ATLANTIC CITY – Some had seen worse in the basement of one of the Twin Towers days after the Sept. 11,2001, terrorist attacks.
Some might even see worse in the future, while doing a job that takes the guts and dedication needed to run into a disaster area when everyone else is running out.
But for many of the firefighters who answered the call for help at the Tropicana garage collapse Thursday, the response is a rescue they will remember for a lifetime.
Ladder Two Capt. Scott Evans was doing a drill near Kentucky and Atlantic avenues with the other men in his company when the call came in. He looked up and saw a plume of dust rising in the distance, similar to what he had seen as a search-and-rescue worker in New York City after the World Trade Center collapsed.
Minutes later, he was at the top level of the collapse with Engine Seven Capt. Mike Dixon. Construction workers guided them to an area where at least five people were trapped beneath rebar and concrete; some, their bodies barely visible, had metal twisted around their torsos and heads.
Using pry bars, metal-cutting saws and chain cutters, Evans and Dixon helped construction workers free the victims. One by one, five were safely sent down to the street some in a cage swinging from a bugecrane.
Then Evans and Dixon jumped farther Into the pit a few levels down, crawling through voids and looking for more victims. They found two men trapped between slabs on the sixth and seventh levels who didn’t make it out alive.
“I saw the one. I grabbed hold of his arm and he didn’t have a pulse,” Evans said.
Then he saw something else: another man’s boot Both victims had been crushed under concrete slabs and, when the rescuers tried to communicate with the men – calling for an “all-quiet” nobody answered.
It was easy to lose track of time, Dixon said Friday, but it was not easy to forget about the slab – the one that hung over the heads of all of the rescuers and workers who risked their lives to help the wounded and retrieve the dead.
You have slabs of concrete hanging and dangling, but you still have to get these guys out of there. You’re doing your job,” he said.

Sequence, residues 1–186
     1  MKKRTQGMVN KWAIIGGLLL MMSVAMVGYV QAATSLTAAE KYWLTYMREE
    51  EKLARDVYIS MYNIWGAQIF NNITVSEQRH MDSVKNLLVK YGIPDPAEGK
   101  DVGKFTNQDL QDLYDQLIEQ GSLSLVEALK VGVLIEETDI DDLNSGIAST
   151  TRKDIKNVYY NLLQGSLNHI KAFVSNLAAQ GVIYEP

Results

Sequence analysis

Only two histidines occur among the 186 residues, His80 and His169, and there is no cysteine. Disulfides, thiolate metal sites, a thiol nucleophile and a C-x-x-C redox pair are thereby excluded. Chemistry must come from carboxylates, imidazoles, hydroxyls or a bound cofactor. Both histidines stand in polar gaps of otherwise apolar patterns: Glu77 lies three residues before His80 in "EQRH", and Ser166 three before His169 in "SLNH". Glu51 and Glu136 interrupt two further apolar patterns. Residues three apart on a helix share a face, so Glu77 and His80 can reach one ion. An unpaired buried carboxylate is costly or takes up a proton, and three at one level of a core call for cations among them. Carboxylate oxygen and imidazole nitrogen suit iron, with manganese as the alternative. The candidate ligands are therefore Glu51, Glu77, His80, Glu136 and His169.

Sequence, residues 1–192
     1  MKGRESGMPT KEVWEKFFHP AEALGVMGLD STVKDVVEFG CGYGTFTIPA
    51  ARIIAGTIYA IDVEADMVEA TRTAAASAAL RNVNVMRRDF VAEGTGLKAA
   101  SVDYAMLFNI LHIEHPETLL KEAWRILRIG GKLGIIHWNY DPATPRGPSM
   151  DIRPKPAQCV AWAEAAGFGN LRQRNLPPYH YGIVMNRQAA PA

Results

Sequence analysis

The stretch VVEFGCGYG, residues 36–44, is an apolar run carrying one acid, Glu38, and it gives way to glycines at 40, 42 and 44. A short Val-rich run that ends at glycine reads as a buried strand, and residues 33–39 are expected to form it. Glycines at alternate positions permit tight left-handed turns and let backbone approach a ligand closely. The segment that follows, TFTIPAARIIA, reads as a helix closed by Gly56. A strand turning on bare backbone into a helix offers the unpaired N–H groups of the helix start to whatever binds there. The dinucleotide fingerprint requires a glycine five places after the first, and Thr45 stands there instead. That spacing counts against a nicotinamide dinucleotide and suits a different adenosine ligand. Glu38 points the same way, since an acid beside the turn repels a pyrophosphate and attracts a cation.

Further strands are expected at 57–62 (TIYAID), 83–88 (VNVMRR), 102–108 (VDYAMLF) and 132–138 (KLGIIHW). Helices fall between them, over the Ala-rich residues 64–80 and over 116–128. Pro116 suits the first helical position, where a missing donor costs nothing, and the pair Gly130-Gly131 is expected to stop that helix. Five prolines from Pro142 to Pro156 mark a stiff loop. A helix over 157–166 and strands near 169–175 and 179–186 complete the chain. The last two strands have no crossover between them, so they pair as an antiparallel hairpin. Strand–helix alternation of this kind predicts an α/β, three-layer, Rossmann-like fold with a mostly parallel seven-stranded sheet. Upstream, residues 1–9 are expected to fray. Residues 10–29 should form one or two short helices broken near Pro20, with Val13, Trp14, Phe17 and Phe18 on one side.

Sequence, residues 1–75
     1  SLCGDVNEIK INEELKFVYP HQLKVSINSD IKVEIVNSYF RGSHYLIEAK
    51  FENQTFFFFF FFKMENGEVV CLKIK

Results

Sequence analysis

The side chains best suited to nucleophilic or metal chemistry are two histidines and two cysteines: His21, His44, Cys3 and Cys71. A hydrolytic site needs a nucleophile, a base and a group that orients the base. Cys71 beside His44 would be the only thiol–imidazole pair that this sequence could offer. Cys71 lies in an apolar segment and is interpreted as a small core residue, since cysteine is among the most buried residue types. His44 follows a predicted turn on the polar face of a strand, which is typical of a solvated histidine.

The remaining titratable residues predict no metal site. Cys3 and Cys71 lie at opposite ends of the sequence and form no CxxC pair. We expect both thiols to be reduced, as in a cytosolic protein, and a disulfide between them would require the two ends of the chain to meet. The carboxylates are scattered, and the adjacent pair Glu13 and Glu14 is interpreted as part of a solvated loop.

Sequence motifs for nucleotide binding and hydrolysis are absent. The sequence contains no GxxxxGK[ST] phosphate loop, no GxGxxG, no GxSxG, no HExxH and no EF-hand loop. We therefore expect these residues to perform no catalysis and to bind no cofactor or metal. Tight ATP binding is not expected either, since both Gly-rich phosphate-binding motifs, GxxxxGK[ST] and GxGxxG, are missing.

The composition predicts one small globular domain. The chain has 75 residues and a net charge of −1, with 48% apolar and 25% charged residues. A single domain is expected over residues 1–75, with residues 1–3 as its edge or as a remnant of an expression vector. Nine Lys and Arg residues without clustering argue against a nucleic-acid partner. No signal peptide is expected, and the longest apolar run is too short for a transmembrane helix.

But with the Job can come memories that don’t fade. Dixon’s lasting image of the rescue will be the looks on the faces of the construction workers as the bodies of the deceased were carried from the collapse zone.
“The lasting thing that sticks in my head is the guys. Just their faces.”
Engine Six Capt. Steve Costello, who scrambled into the building with his company of firefighters, ending up between the second and third floors in the center of the area supporting the collapsed floors, will remember teaming with about 30 people to lift a stairway off one victim.
Then came the despair when the man’s pulse stopped. And the heartbreak When Engine Six firefighters couldn’t get another victim to answer them. They saw the man’s yellow baseball cap and his torch. His son, a fellow construction worker, tried to call his trapped father with a cell phone. There was no answer.
“The kid said, ‘Help me look for my dad,'” Engine Six Firefighter Tucker Smith said Friday. “I just lost it I felt It from my gut.”
He wasn’t alone.
It was the type of scene that got to a lot of firefighters and other rescuers no matter where they were, be it sifting through debris with laborers who refused to give up helping and hoping that their brothers would make it out alive, treating the wounded, or reporting in from off-duty, like Battalion Chief Jim Herbert. Herbert parked his car blocks from the scene, got out and started running toward the collapse when he got stuck in traffic.
In the end, it turned into a historic rescue effort, despite the four casualties and 20 injuries. Officials estimated that firefighters rescued 21 trapped workers from the collapse in the first hour alone.
“Some of the injuries were horrific. It was mayhem here from the very beginning,” Deputy Fire Chief John Bereheiko said Friday, calling the collapse the biggest incident he’s managed in 28 years on the job.
One he, like many other firefighters here, will never forget.